The IOWA RIVER is peaceful at the moment. It's flow rate is low and slow compared to its potential during flooding times. But for now, the river is not angry and is willing to allow people to enjoy the pleasures of its quiet warm waters, scenic views, and summer wildlife of deer, otter, raccoon, great blue herons, kingfishers, crows and maybe even a wild turkey or two.
The Iowa River is about 300 miles long from its origin at Crystal Lake in Hancock County. It empties into the Mississippi River near Wapello. The total watershed of the Iowa River is 12,499 square miles and if one uses Marshalltown as the point of reference, there are only 1,532 square miles of drainage above us. It is that watershed that contributes a lot of water when long rainy episodes of weather impact the land. Rivers in all watersheds react to too much water and rise accordingly.
Water in the river is what we see. However, have you ever contemplated the amount of water we can't see? Probably not. Take these not so trivial scientific points for instance. The crust of the earth, both its ocean crust and above water crust is on average about 41 miles thick.In proportion, that is about the thickness of the skin of an apple. Next time you take a big juicy red apple and cut it in half, look at its red skin layer compared to all the rest of the fruit body inside.
T-R PHOTO BY GARRY BRANDENBURG
Tubers are getting set for their Iowa River float last weekend from Timmons Grove County Park to Marshalltown. With the river at a low stage, this summer sizzler outdoor adventure can be a lot of fun on a hot and muggy day. The inner tubes were tied together to form one large flotilla. Lots of sandbars just under the surface make for portions of the trip where one could choose to wade in the water. The river distance from Timmons to Center Street Dam is 6.1 miles. Another 1.1 miles gets floaters to the boat ramp at Marshalltown's Riverview Park.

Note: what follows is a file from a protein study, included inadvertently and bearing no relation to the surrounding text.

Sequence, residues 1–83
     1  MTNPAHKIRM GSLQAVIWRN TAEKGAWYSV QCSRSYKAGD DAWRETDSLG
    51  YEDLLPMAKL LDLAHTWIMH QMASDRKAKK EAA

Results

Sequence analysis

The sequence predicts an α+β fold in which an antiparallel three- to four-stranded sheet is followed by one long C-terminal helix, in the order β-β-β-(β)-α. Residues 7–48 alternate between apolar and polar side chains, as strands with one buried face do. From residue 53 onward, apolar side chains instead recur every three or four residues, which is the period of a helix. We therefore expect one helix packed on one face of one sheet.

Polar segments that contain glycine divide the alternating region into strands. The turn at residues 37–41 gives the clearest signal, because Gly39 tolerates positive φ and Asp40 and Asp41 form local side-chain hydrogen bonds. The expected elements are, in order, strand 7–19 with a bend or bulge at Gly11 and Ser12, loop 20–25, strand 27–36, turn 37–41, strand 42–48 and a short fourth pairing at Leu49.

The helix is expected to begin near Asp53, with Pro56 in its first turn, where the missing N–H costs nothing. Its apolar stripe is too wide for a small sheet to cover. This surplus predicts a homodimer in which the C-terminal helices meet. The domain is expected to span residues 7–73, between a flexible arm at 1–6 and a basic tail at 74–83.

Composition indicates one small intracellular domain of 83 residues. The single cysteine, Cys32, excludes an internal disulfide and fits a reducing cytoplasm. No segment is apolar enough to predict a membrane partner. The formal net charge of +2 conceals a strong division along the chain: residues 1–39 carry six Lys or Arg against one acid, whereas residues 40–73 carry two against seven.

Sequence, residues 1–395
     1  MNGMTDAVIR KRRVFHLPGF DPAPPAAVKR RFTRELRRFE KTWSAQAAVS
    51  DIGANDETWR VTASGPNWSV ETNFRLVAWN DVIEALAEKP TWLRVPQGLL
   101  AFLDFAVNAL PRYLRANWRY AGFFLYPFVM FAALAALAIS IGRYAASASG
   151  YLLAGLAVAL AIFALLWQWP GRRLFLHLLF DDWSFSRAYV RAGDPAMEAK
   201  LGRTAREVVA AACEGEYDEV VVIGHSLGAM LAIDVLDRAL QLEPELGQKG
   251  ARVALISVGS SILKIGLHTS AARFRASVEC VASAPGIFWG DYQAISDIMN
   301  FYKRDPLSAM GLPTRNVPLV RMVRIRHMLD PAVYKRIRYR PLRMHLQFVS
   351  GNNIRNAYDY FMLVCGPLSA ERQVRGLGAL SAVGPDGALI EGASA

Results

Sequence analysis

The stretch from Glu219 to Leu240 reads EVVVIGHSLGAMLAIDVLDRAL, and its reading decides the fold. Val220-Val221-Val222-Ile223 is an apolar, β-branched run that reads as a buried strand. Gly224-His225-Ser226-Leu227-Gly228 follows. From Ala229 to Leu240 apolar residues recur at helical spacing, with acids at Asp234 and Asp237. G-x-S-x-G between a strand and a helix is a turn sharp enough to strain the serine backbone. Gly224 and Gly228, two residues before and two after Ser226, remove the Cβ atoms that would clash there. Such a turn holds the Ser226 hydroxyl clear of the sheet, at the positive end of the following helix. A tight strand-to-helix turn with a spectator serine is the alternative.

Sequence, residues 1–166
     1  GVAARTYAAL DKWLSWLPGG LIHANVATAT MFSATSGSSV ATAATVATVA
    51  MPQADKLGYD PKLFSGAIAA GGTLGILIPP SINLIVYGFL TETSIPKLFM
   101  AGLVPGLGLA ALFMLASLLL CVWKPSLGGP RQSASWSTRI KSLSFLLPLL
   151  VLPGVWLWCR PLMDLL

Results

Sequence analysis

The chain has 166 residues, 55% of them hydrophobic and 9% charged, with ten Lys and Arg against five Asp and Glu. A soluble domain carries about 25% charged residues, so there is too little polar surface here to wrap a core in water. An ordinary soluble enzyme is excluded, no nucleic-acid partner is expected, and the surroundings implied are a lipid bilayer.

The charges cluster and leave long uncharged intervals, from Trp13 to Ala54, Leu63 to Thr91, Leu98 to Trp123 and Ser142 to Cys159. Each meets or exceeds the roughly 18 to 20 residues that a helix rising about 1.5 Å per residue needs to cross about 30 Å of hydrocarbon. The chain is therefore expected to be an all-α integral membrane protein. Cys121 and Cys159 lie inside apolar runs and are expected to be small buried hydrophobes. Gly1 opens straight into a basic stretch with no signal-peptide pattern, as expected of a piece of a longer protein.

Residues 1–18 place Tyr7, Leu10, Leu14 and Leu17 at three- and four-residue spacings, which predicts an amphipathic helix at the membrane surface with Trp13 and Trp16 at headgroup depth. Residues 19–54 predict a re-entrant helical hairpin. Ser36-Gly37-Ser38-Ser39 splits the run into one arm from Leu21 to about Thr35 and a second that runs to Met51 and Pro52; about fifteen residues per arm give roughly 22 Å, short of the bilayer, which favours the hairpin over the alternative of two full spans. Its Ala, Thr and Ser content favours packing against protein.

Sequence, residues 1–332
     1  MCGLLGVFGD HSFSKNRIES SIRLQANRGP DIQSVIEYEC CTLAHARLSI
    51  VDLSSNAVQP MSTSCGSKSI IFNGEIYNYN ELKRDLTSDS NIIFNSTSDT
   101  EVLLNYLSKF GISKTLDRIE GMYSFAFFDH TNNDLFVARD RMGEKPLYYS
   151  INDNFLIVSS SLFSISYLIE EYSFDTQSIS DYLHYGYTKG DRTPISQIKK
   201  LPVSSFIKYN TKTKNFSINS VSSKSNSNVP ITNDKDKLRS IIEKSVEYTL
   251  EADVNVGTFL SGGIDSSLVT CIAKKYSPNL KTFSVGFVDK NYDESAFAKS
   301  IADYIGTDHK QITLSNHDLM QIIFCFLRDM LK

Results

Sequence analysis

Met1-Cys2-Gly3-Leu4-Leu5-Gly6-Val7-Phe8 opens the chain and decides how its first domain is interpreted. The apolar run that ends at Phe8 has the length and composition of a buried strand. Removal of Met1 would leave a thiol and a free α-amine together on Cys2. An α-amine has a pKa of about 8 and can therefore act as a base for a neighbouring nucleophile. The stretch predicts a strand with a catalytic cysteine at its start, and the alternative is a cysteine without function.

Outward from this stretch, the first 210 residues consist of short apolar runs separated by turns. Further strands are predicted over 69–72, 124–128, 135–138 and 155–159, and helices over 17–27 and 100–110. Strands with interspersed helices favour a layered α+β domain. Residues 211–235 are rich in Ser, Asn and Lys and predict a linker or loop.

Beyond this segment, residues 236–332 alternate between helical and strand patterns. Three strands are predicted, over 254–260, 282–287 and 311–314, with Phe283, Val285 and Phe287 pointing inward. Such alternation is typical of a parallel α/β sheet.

Fresh water is held within lakes, rivers and ponds of the land. That is what we can see. Underground, and within the pores of rock strata called aquifers, is also a lot of water. It is estimated that there is at least 30 times more water in these places than all of earth's fresh water lakes combined. Another estimate puts the volume of stored underground water at 3,000 times all the world's streams and rivers combined. The earth has about 2 million cubic miles of fresh water in all above and below ground sources. About 50 percent of this water is within the first one half mile of the land's surface. This little factoid is also worth contemplating: The total supply of water on earth is 326 million cubic miles. Each cubic mile of water contains over one trillion gallons. This water is constantly being recycled through evaporation into the clouds which eventually falls again as rain.
If one could put a special identifying marker on a single molecule of water and trace its travels over geologic time, its journey of places seen, animals and plants nourished, floods and droughts, glaciers built and melted time and time again, you would need a very large journal to post the history of that water molecule.
One problem people have is that all this water is not equally available, accessible or even economically obtainable. That is why some areas of earth's surface are blessed with too much rain, just the right amount or way too little of this precious life giving product. Water is a life line for life on earth. We must use it but we must use it wisely. The next time you take a tube float down the Iowa River, I'm sure all these facts will be the last thing on your mind. Have fun and stay safe on the water.